he fancies more; and one of the most acceptable gifts which a boy's
mother or sister or aunt can give him is a long string of buttons.

"I can do that," declared Marjorie, as she watched Sandy make several
successful shots.

"Lassies never throw straight," said Sandy, scornfully, flipping
another button toward the hole.

"Marjorie can," said Donald, standing up for his favourite cousin; "let
her try."

"Where are those children?" the doctor was heard calling, and the young
people forgot all about games, and made a rush for the house.

It was the Saturday holiday, and Doctor Gordon had promised to take
them for a walk through the old town of Edinburgh. The doctor enjoyed
these walks as much as the children, for he was very fond of his city,
and took a deep interest in its old buildings and the famous people who
had lived in them.

The doctor, moreover, had written, in his spare moments, a valuable
book on Edinburgh, and there was nothing that Donald enjoyed more than
to spend his holidays tramping with his father through old and new
Edinburgh. Edinburgh, you must know, was the capital of Scotland in the
old days, and virtually is so to-day, and one of the most beautiful
cities in the world.

Donald knew most of the "sights" of the town as well as the doctor
himself, but to the lassies all these marvels were much more of a
novelty.

It was a gay little party that got off an electric car (the Scotch
call it "electric," as do the Americans, and not a "tram," as do their
English cousins just over the border), Doctor Gordon leading the way,
with a niece on either side of him, and the boys walking before.

"Let us go to the castle first," said Don, who rather thought that he
ought to help his father do the honours.

"I don't believe Marjorie and Janet have ever seen it really well. You
know, father, you always tell me something new about it every time we
go there," said Donald, eagerly.

So they crossed Princes Street Gardens, which divide Edinburgh into the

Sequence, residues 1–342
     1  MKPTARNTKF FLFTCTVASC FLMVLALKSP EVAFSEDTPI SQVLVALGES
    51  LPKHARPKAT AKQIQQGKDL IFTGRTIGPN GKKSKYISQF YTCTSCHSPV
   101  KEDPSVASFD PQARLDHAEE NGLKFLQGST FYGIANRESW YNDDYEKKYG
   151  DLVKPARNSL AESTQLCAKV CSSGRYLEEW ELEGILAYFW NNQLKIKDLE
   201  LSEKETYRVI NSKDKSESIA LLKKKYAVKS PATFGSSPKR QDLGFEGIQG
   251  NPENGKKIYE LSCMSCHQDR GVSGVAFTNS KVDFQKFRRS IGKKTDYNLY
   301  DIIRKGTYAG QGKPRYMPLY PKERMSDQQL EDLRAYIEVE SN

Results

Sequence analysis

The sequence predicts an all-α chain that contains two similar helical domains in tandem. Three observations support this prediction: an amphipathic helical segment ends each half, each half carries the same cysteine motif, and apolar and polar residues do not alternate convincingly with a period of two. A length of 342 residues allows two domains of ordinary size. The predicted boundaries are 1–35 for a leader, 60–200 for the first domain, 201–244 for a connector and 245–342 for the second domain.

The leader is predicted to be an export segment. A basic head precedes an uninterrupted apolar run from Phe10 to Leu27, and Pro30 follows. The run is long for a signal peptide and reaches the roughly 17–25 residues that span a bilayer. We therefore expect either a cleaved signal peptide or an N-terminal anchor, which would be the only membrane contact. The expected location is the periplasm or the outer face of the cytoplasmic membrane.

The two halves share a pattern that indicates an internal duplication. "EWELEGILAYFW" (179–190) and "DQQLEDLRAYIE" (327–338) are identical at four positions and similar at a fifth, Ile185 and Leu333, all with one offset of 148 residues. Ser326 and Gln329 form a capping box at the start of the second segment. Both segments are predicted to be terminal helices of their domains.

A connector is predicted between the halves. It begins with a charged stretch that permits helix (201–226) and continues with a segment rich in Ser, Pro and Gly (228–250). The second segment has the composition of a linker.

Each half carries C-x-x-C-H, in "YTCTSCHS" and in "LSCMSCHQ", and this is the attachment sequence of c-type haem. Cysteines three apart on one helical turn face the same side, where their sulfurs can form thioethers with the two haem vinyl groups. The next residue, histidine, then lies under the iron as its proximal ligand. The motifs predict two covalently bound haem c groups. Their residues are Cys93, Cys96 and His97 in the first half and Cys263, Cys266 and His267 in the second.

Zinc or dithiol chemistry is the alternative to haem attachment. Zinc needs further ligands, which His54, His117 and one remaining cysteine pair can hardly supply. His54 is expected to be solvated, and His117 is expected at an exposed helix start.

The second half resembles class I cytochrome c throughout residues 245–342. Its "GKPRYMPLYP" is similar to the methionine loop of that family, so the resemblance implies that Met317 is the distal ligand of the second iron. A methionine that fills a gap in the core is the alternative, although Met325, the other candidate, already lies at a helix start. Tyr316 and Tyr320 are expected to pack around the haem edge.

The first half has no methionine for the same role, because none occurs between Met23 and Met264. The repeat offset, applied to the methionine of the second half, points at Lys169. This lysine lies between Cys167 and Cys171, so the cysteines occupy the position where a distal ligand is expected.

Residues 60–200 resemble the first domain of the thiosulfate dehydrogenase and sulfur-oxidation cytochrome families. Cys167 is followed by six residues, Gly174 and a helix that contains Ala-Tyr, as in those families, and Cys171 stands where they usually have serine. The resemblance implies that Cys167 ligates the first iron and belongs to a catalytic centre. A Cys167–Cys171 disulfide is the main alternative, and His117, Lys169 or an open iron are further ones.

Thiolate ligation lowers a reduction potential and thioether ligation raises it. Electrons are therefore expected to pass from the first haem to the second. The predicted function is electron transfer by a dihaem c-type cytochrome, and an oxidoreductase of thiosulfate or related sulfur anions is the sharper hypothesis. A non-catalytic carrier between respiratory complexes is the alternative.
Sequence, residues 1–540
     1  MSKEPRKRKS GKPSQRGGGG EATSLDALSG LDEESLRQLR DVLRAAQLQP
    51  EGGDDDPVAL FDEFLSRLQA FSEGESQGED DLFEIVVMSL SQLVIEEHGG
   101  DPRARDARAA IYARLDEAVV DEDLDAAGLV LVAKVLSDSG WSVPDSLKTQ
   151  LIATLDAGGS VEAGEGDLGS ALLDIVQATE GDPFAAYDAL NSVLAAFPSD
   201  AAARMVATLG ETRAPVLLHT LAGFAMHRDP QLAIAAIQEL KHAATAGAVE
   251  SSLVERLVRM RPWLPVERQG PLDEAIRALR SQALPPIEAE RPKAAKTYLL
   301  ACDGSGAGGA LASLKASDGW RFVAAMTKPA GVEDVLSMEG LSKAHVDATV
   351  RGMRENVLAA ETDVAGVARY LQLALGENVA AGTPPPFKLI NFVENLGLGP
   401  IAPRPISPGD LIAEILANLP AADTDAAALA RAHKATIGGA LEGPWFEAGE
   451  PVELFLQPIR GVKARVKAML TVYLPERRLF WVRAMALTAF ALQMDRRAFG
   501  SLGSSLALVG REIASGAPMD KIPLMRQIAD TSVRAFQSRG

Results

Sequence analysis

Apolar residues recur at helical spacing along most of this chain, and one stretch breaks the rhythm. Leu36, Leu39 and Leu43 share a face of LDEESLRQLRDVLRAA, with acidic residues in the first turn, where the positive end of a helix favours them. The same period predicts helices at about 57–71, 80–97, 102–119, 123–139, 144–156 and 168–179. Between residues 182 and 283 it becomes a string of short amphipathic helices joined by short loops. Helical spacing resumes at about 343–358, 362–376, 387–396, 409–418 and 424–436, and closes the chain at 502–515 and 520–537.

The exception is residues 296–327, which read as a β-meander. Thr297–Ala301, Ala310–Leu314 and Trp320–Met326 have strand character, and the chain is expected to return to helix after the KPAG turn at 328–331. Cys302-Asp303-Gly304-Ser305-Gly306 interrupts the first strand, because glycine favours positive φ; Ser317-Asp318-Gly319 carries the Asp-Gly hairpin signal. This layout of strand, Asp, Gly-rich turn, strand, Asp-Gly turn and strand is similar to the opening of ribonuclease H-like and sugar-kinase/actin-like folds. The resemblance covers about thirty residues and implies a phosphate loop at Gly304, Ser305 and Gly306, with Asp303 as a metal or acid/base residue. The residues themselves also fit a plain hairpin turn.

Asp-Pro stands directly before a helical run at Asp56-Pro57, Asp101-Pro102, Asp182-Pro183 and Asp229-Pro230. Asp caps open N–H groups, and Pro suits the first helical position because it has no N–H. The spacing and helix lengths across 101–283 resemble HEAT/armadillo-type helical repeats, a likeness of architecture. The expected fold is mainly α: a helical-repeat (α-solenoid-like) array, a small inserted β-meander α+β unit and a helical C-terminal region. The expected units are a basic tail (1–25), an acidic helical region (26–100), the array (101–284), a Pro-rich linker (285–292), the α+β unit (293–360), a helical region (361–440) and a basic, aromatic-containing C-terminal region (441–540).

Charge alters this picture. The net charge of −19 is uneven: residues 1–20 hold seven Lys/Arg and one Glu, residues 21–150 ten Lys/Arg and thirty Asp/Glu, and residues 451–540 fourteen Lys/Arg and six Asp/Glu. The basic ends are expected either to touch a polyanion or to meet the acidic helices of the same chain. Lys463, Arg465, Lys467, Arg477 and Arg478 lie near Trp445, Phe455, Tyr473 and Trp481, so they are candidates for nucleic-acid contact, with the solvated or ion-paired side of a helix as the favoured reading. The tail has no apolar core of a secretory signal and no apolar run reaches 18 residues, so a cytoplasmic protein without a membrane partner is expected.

"Old Town" and the "New Town." The "Old Town" is on a high hill, and on
the highest part of all is Edinburgh Castle. It was not long before our
party found themselves before its grand old walls.

"Don, there is your favourite Highland Regiment coming out of the
castle now," said the doctor.

"Oh! they are going to drill; can't we stay and watch them awhile?"
cried all the children, as with one voice.

I know that American children would think the Scotch regiments the
most picturesque soldiers in the world, in their old-time Highland
costume. Here is a picture of the piper, playing on the Scotch
bagpipes, so you can see for yourself what a wonderful uniform it is.

[Illustration: THE HIGHLAND PIPER.]

His kilt and stockings are made of the tartan which shows the Clan to
which he belongs. In the olden time, each one of the great families of
Scotland banded itself together, with its followers, into a Clan for
protection, and thus each Clan was really a little kingdom and army in
itself.

The piper's plaid, which is a sort of shawl, is pinned on his shoulder
with a great silver brooch. In this brooch is set a "cairngorm" stone,
which is the yellow stone called a topaz; the national stone of
Scotland, one might call it, as it is found there in great quantities.

That funny-looking bag which hangs in front of him is called a
"sporran," and by his side is a short sword called a "claymore," and
in the olden time there was thrust into the stocking a dagger called
a "skean-dhu." Would you not think he would be cold, with his knees
bared to the cold east wind which blows over the castle high up on its
rock? But no such thing ever enters his head, for Scotch children from
infancy are used to going about with bare knees, winter and summer
alike.

"Isn't the piper splendid, father?" said Donald, as the squad marched
by. "I should like to be a piper in the Gordon Highlanders, for that
is our regiment; and their uniform, white with the Gordon tartan, is
the handsomest of all," and Donald tossed his head with quite an air of
pride.

"It's just because you are a Gordon that you think so," grumbled Sandy.
"What's the matter with the MacPhersons?"

"That's right, laddies, stand up for your own Clans," said the doctor.